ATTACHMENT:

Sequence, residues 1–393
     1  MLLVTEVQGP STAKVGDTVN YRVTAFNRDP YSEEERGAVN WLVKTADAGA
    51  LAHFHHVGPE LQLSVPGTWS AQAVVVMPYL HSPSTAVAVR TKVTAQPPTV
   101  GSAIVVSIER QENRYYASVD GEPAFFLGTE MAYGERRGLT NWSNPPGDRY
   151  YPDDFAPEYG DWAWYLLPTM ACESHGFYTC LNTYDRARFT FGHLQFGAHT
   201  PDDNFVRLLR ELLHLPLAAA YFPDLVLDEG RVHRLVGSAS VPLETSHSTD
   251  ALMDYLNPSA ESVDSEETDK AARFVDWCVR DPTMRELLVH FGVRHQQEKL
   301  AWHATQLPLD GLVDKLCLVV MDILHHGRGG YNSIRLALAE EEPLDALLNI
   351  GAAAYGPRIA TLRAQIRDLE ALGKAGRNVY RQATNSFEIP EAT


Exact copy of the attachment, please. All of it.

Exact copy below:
Sequence, residues 1–393
     1  MLLVTEVQGP STAKVGDTVN YRVTAFNRDP YSEEERGAVN WLVKTADAGA
    51  LAHFHHVGPE LQLSVPGTWS AQAVVVMPYL HSPSTAVAVR TKVTAQPPTV
   101  GSAIVVSIER QENRYYASVD GEPAFFLGTE MAYGERRGLT NWSNPPGDRY
   151  YPDDFAPEYG DWAWYLLPTM ACESHGFYTC LNTYDRARFT FGHLQFGAHT
   201  PDDNFVRLLR ELLHLPLAAA YFPDLVLDEG RVHRLVGSAS VPLETSHSTD
   251  ALMDYLNPSA ESVDSEETDK AARFVDWCVR DPTMRELLVH FGVRHQQEKL
   301  AWHATQLPLD GLVDKLCLVV MDILHHGRGG YNSIRLALAE EEPLDALLNI
   351  GAAAYGPRIA TLRAQIRDLE ALGKAGRNVY RQATNSFEIP EAT